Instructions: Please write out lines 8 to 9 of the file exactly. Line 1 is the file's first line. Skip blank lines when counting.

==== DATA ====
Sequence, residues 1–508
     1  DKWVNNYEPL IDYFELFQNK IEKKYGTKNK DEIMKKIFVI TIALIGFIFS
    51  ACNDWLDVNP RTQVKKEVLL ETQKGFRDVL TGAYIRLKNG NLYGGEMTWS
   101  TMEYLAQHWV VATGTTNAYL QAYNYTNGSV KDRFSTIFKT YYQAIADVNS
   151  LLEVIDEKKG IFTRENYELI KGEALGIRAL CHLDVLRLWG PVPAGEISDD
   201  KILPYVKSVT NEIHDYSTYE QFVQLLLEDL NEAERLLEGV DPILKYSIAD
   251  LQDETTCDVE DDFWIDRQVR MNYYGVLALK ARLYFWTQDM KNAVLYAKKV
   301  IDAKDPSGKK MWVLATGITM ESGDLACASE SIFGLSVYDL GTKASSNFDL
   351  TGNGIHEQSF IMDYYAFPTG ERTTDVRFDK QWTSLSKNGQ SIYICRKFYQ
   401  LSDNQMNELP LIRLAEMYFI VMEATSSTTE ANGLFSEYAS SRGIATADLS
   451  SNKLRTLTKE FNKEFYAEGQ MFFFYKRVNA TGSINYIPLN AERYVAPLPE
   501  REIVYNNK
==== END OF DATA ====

   301  IDAKDPSGKK MWVLATGITM ESGDLACASE SIFGLSVYDL GTKASSNFDL
   351  TGNGIHEQSF IMDYYAFPTG ERTTDVRFDK QWTSLSKNGQ SIYICRKFYQ